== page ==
Monday, July 14, 2014

Iraq - My View

Thank you My Colorado View for posting my blog about my thoughts on Iraq.

The Iraq situation worsens by the day and I find myself watching the media almost as much as I did from 2003-2005. This time my approach is a little different.  Instead of just tuning in to the nightly news, I follow journalists on the ground via twitter and receive fragments of information throughout the day.  The number of deaths in Iraq in June 2014 are staggering–2,417 people.  That is the size of the population of Telluride or Buena Vista, Colorado.
The other day a coworker casually said, “I am sorry about Iraq.” I know deep down what he meant, but it struck me strangely.  The Fourth of July has taken on new meaning to me since 2009. I was leaving Kuwait to fly into Al Taqaddum, which was primarily a Marine Base in Western Iraq, and then onward to Ramadi. Home of the Wild West and where the Anbar Awakening took place.  Only later, would I learn about all of the countless battles that were fought many years earlier in Fallujah and Ramadi and the painful sacrifices made by Marines, Soldiers, Airmen, and Sailors.  I cannot even fathom how much brokenness that small piece of land holds and continues daily absorb.
My daughter was also in Army Basic Training. I had reached out to her Company Commander ahead of time via email letting him know that I would be pushing forward. He arranged for her to call me. Imagine me waiting in an airport in Ali Al Salem Air Base, Kuwait when one the newest Army Privates calls me on the 4th of July. I remember it was a quick call but important to both of us. I was proud and she was relieved.
After nine months of living there I can say, I left part of my heart there.  I fell in love with the people and I came to respect the culture. I saw the hope in the eyes of Iraqi soldiers and the glimpse of promises in eyes of women and children. I walked away with the understanding that much like my desires; I want peace for my family, education, safety, and a future; they want the same. It might look different, but principally it is the same.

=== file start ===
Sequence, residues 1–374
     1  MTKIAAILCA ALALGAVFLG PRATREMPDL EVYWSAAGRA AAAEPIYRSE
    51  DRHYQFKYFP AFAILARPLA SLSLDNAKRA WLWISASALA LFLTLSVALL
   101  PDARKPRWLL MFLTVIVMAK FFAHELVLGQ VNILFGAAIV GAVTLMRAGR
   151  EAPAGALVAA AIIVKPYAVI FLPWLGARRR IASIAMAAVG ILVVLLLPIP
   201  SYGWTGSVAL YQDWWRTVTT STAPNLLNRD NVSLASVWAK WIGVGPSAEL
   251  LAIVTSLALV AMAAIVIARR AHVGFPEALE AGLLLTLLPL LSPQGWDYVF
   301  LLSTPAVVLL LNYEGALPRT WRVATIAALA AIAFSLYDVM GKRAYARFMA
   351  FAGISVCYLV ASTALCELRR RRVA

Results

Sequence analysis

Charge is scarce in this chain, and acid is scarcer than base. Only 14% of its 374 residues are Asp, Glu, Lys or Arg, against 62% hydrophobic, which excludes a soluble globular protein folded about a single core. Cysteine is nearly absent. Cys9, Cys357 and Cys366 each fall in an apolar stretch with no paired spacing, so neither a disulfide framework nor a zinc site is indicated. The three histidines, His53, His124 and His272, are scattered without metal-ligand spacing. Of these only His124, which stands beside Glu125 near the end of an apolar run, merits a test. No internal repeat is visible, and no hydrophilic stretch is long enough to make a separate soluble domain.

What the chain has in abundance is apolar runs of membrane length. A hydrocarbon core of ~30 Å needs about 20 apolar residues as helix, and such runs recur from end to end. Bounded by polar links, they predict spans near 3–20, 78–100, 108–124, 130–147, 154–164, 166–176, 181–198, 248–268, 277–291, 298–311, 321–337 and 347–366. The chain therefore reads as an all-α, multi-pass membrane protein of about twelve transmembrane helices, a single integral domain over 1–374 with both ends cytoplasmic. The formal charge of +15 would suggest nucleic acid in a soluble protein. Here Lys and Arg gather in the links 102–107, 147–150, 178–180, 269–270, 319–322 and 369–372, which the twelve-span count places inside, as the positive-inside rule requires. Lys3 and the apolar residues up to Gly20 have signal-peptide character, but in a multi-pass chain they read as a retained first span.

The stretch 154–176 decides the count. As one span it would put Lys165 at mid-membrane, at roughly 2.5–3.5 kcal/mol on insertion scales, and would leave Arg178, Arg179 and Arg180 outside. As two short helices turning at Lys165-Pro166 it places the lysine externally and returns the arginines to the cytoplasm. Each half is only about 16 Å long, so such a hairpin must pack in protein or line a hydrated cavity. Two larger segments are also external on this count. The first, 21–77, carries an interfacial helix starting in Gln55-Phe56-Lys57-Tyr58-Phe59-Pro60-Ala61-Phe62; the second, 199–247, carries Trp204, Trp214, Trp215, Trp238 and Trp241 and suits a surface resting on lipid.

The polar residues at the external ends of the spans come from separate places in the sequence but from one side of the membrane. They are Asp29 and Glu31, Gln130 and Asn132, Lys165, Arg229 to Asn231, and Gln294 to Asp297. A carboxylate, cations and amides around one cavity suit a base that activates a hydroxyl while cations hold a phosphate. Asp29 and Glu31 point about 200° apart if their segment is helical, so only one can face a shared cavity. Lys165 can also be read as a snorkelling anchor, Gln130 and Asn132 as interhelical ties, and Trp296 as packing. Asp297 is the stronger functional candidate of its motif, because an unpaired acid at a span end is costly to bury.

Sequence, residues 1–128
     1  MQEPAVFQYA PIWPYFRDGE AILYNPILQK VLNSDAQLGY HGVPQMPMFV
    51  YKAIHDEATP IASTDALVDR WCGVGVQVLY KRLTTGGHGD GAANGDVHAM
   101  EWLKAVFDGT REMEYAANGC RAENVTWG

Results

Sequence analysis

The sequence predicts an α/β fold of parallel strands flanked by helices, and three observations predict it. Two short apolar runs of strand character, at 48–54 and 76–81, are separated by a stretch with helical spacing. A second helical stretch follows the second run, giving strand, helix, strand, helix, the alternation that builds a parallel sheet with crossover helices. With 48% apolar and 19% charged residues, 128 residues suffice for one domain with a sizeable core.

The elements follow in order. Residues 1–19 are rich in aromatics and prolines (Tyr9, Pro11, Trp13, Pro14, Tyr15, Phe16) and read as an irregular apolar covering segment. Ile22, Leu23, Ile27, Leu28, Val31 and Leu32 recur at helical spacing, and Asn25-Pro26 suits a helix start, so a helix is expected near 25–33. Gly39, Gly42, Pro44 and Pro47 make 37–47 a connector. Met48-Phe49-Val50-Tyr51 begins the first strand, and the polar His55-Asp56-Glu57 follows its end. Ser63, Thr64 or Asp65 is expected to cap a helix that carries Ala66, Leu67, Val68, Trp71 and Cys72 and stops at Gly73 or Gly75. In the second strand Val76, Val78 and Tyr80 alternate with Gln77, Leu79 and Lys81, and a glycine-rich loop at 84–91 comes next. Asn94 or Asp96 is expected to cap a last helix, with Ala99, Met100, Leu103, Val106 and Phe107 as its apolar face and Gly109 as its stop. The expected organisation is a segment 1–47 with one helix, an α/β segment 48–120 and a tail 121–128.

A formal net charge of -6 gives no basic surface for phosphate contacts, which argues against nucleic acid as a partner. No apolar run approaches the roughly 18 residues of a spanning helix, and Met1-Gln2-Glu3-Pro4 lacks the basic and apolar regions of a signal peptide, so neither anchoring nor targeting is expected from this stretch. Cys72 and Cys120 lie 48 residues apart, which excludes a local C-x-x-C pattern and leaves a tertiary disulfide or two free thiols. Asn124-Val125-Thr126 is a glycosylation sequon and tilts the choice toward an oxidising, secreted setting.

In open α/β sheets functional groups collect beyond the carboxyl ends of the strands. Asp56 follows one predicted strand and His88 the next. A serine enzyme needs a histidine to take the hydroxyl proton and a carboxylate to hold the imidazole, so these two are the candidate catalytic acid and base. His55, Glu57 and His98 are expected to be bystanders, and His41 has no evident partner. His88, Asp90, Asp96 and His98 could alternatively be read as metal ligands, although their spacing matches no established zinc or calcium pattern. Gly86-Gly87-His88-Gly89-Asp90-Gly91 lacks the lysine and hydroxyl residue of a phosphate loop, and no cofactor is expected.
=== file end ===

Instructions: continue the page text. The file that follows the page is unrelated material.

The steady decline of Iraq’s stability and security leaves me both sad and angry. Ultimately, it is the decision of the Iraqi people to decide its fate. But I am cheering for them, which equals nothing more than a silent cheer.
I am concerned for the future Iraqi women and children.  The status of women improves when their environments are stable and secure. When you are struggling to just feed your family and keep them safe, things like medical care and education become luxuries, not necessities. The rural women who take the brunt of the struggle are often neglected or abused.  The rural areas in the west were already filled with Syrian refugees and now the latest chaos within Iraq creates further confusion and steals hope from the most vulnerable people in the region.
What can I do?  I listen to some Arabic music and maybe make a cup of sweet Iraqi chai. I silently cheer, stay informed, educate others, and wait.

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